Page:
Centerra Gold (CG.TO) could face a court ruling as early as this week that may force it to stop mining its Kumtor deposit in Kyrgyzstan, a company spokesman said on Wednesday.
The company's shares fell 25 percent on Tuesday after the Kyrgyz court suspended an exploration license and two mining licenses covering areas around the Kumtor deposit, a high-grade mine expected to produce around 600,000 ounces of gold this year.
Centerra is still mining the deposit, but company spokesman John Pearson said the court is expected to soon rule on a challenge to other licenses, including the main deposit.
A decision could come as early as the end of this week, he told Reuters.
I wouldn't want to speculate on that, he said when asked about the chances Centerra may have to stop mining activities.
We have to wait and see what the lower court says.
Pearson was quick to point out that a Kyrgyz Supreme Court ruling on June 2 -- which suspended the licenses pending the lower court decision -- said that issues surrounding the mining agreement are regulated by international legislation, and so should be able to continue.
However, he also noted that the other licenses that were invalidated were also covered by international agreements, and noted that Centerra has not been party to the proceedings.
It has to be considered a possibility, for sure, Canaccord Adams analyst Steven Butler said of the loss of the main mining license.
Adding to uncertainty surrounding the deposit has been the lack of movement in ratifying an ownership agreement entered into last summer with the Kyrgyz government, which should calm persistent worries about nationalization.
The agreement, which would see Kyrgyzstan double its stake in Centerra while majority shareholder Cameco Corp (CCO.TO) would reduce its stake, passed by a June 1 deadline without ratification, and is now effectively in limbo.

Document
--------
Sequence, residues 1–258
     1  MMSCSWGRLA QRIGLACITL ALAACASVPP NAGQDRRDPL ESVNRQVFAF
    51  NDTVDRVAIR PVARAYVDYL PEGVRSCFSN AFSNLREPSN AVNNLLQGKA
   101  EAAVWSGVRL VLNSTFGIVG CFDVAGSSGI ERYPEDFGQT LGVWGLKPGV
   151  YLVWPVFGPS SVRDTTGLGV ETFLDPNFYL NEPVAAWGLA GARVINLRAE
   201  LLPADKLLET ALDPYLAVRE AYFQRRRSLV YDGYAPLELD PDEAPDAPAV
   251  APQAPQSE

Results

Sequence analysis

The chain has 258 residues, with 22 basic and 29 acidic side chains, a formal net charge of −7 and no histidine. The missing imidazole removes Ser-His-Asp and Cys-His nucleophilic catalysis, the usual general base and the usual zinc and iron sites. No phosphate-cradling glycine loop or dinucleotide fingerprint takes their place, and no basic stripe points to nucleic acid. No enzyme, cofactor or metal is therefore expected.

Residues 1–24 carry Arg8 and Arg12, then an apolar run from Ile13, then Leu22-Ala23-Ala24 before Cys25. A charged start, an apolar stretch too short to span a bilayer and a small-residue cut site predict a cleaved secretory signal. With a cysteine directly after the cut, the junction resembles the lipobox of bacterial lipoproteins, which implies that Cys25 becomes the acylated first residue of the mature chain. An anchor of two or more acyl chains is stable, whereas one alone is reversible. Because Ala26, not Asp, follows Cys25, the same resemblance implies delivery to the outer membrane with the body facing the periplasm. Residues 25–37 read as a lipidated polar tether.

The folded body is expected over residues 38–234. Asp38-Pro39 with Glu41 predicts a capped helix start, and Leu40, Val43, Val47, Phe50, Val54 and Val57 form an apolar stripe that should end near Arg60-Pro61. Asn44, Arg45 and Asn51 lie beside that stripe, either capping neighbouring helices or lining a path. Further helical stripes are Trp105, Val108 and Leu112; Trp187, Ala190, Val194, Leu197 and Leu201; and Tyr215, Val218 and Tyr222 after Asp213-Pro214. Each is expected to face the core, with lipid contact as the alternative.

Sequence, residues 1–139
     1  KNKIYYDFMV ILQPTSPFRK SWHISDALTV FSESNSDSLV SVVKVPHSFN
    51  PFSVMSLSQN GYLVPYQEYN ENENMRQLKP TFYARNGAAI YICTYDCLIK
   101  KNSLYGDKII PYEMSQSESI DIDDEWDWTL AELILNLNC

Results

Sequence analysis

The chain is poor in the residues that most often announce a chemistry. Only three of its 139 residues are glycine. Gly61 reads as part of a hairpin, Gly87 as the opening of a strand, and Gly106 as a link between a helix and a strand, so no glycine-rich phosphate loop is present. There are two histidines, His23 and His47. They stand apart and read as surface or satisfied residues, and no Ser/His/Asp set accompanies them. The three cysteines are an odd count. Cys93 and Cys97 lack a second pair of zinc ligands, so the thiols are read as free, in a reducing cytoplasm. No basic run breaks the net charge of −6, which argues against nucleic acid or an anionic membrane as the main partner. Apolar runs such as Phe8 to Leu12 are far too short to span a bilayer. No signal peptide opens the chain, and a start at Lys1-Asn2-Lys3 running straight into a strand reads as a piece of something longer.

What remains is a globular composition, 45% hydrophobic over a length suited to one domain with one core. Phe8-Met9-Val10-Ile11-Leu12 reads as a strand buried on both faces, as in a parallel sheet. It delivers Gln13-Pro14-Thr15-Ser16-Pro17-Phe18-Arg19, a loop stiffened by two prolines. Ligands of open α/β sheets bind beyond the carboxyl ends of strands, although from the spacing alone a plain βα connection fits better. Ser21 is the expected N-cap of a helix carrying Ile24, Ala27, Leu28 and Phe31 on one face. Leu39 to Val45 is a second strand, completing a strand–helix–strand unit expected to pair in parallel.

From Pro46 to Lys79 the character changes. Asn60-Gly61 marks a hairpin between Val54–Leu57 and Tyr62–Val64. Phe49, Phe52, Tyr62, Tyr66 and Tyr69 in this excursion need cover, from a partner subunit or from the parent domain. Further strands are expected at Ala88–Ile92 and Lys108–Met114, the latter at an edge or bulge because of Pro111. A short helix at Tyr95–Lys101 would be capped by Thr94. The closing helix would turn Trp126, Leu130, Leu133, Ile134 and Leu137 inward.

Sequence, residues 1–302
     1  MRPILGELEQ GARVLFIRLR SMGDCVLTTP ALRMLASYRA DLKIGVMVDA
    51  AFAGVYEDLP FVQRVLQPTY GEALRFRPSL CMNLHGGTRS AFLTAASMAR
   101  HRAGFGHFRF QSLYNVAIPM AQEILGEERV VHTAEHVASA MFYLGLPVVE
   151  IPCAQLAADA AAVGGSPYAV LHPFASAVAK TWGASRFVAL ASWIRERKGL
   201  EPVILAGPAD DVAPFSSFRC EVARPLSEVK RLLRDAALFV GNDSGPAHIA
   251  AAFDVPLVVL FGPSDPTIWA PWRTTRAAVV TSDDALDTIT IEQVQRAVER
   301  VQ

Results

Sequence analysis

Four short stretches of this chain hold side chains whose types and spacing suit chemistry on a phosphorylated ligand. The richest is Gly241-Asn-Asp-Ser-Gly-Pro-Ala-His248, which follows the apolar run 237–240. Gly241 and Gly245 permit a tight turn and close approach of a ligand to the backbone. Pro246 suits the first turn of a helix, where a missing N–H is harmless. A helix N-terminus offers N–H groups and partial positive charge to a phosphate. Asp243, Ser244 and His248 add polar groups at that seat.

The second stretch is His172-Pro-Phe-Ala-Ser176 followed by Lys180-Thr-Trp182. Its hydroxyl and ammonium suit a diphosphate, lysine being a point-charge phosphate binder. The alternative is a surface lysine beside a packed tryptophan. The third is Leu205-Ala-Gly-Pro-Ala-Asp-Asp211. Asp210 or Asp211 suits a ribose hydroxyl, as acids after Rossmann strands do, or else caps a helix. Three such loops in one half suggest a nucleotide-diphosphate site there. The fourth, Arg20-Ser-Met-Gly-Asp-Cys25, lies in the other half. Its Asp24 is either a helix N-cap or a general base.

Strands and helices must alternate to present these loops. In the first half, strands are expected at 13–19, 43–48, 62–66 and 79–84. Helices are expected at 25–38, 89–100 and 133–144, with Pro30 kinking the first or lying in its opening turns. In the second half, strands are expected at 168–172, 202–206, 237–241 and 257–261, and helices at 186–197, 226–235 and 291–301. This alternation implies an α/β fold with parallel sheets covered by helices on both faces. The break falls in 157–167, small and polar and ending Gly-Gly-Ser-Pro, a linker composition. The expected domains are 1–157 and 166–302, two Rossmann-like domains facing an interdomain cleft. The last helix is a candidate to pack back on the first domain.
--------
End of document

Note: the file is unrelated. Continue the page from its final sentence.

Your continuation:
SHARES REBOUND, DOUBTS ABOUND
While Centerra's shares staged a partial rebound on Wednesday, analysts cut targets as uncertainty over the company continued to build.
Stephen Walker of RBC Capital Market cut his 12-month price target to C$6 from C$10, factoring in a likely delay surrounding the legal process, and the possibility that Centerra could lose the mine's production.
He also said the failure of the Kyrgyz parliament to ratify the ownership agreement suggests that the Kyrgyz president and prime minister have effectively lost control of parliament, and that any outcome is possible, including loss of the asset.
UBS analyst Brian MacArthur cut his target on the company to C$10 from C$14.50, while Canaccord's Butler put his target on the stock under review.
The stock rose 85 Canadian cents to C$5.62 on the Toronto Stock Exchange, but is still down 55 percent so far this year.
The concessions that have already been suspended cover areas containing about 300,000 ounces of gold that Centerra had been expecting to mine in 2009 and 2010.
The company also announced on Tuesday that Chief Executive Len Homeniuk is retiring, and will be replaced by Stephen Lang.
Centerra will also review its strategic direction.
There's lots of places in the world that have gold deposits, and maybe we should be looking further afield, Pearson said.
(Reporting by Cameron French)
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